A report in the Financial Times says French finance minister Nicolas Sarkozy will later today present a commitment on behalf of French insurers to invest an extra €6 billion ($7.3 billion) into the country’s private equity industry over the next three years.
The commitment is understood to be detailed in a letter that has been signed by representatives from the insurance industry, the small business community, the private equity market and research think tanks following a meeting with Sarkozy. In the letter, insurance industry body Fédération Française des Sociétés d’Assurance (FFSA) has reportedly committed its members to increasing investments in non-listed companies from €14 billion to €20 billion by 2007.
The Financial Times said people close to negotiations between the French government and the insurance industry claimed that Sarkozy had threatened to impose the change on the industry in this year’s budget, unless it was agreed voluntarily.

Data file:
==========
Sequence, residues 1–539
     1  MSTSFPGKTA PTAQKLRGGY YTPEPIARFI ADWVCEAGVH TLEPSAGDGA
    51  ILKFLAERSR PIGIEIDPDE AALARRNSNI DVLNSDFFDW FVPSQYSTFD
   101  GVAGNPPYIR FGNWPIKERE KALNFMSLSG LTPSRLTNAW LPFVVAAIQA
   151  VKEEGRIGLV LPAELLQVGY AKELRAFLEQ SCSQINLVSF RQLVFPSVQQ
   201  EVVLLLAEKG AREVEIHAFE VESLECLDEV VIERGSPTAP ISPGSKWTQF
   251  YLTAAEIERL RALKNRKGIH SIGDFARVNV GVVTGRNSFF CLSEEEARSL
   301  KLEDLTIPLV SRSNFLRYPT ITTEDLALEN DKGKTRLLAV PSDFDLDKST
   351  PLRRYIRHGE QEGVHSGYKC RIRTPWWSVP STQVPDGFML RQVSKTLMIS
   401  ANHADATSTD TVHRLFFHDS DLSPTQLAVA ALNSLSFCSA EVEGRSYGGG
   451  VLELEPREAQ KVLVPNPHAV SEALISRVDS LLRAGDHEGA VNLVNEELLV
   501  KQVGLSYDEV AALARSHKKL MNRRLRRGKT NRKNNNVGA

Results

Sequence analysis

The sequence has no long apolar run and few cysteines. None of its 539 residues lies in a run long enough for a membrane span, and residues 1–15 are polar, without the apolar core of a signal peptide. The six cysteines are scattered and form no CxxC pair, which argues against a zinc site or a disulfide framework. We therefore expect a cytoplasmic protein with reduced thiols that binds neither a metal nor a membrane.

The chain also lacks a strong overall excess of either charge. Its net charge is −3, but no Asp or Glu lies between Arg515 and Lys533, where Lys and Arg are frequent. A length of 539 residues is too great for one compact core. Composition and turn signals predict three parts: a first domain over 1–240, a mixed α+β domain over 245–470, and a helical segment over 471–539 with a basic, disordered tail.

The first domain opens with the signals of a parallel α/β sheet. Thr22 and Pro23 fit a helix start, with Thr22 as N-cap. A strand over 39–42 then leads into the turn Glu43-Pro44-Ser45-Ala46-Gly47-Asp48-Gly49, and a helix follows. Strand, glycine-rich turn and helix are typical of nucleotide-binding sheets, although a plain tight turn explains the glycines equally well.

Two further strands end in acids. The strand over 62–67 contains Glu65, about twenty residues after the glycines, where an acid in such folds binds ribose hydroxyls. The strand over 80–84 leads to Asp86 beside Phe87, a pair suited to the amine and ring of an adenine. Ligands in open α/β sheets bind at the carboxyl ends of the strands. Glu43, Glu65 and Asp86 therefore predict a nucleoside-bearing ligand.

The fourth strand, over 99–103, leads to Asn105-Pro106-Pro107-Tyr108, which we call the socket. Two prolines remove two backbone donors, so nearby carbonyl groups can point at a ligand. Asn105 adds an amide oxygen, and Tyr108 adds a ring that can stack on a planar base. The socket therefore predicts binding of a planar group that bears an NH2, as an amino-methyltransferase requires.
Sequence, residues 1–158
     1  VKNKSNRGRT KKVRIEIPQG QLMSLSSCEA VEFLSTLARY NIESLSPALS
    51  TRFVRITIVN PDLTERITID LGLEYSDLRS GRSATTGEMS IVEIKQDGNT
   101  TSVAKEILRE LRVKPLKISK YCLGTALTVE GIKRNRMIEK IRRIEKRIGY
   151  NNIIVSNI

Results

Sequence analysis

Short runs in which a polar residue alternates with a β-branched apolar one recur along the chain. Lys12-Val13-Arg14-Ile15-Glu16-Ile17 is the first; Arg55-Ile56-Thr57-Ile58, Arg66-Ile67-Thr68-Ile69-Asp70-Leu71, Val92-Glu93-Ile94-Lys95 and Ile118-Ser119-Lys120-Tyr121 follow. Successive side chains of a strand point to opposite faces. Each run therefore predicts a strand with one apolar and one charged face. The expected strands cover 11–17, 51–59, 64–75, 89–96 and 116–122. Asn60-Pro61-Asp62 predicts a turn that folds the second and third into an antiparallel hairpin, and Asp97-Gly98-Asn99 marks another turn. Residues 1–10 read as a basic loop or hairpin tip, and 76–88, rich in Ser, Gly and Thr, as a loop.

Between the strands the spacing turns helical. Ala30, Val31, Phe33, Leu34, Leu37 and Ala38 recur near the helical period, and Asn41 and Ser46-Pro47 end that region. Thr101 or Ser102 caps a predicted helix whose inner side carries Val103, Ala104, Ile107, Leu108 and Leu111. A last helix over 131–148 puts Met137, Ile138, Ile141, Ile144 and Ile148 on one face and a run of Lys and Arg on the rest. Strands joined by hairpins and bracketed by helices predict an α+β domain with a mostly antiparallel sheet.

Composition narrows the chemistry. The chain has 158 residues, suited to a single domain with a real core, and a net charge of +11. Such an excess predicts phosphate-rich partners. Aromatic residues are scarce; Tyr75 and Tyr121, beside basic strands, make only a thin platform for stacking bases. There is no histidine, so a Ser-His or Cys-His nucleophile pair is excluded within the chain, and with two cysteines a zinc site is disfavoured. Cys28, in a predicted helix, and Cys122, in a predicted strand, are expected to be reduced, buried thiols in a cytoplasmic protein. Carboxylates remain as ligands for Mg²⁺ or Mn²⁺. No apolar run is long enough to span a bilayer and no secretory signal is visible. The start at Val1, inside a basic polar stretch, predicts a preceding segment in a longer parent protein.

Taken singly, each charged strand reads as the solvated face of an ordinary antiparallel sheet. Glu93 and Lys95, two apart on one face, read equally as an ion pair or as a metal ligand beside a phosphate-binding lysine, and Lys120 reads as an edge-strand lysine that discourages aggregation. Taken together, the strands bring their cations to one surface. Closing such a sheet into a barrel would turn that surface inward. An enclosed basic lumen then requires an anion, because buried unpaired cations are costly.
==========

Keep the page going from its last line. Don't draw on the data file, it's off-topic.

If so, this would mark an about-turn from the government’s position last year. Then, a similar proposal from senator Philippe Adinot was waved through the Senate but then blocked by the government in the National Assembly after pressure from the FFSA, which said such a move would restrict insurers’ freedom of choice and force them to take more risks.
At the current time, French insurers have around €1,000 billion under management, of which the majority is invested in fixed income bonds and only around 1.4 percent in private equity. This compares with around four to five percent committed by their counterparts in the UK.
The move seems primarily designed to bolster the venture capital industry in France at a time when funds have found raising new capital extremely difficult. However, at the time of the proposal last year, a leading French funds of funds manager questioned whether the new money would find its way into buyout firms’ coffers rather than the technology companies for which it appears to be intended. It is not immediately apparent whether the proposal details any distinction between early and later stage investment.
The announcement comes just before Sarkozy steps down as finance minister to contest president Jacques Chirac for the leadership of the ruling UMP party. This is seen as a possible precursor to Sarkozy running for president in 2007, when Chrac’s current term ends.